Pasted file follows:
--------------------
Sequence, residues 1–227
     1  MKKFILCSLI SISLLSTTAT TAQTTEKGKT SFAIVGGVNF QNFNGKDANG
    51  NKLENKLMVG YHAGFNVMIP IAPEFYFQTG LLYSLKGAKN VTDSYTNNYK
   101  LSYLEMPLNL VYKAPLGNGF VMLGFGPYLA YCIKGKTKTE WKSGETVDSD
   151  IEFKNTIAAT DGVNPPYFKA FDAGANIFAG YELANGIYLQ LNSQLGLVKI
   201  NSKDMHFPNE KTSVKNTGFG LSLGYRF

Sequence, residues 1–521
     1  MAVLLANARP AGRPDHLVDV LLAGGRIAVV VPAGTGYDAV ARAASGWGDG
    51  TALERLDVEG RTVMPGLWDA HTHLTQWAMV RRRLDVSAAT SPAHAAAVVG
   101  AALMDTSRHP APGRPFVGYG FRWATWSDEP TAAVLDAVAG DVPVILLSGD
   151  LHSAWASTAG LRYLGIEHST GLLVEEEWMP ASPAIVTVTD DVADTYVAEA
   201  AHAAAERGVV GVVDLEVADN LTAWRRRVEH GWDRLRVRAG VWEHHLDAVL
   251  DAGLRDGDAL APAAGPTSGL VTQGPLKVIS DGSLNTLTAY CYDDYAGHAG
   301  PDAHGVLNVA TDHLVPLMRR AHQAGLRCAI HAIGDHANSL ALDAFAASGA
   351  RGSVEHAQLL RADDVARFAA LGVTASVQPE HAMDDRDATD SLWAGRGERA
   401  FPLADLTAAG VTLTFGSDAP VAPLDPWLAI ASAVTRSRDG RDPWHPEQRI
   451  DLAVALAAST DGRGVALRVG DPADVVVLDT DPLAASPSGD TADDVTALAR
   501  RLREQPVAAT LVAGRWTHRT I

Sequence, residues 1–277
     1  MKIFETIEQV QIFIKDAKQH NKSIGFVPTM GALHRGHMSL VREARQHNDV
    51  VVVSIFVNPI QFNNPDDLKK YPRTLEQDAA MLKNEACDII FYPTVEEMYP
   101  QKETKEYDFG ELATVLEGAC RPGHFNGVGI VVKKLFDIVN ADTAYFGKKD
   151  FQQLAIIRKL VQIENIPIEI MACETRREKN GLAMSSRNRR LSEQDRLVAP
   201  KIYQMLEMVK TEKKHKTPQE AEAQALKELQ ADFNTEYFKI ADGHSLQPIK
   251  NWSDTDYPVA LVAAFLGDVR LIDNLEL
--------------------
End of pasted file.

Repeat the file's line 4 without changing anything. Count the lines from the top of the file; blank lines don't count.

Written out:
   101  LSYLEMPLNL VYKAPLGNGF VMLGFGPYLA YCIKGKTKTE WKSGETVDSD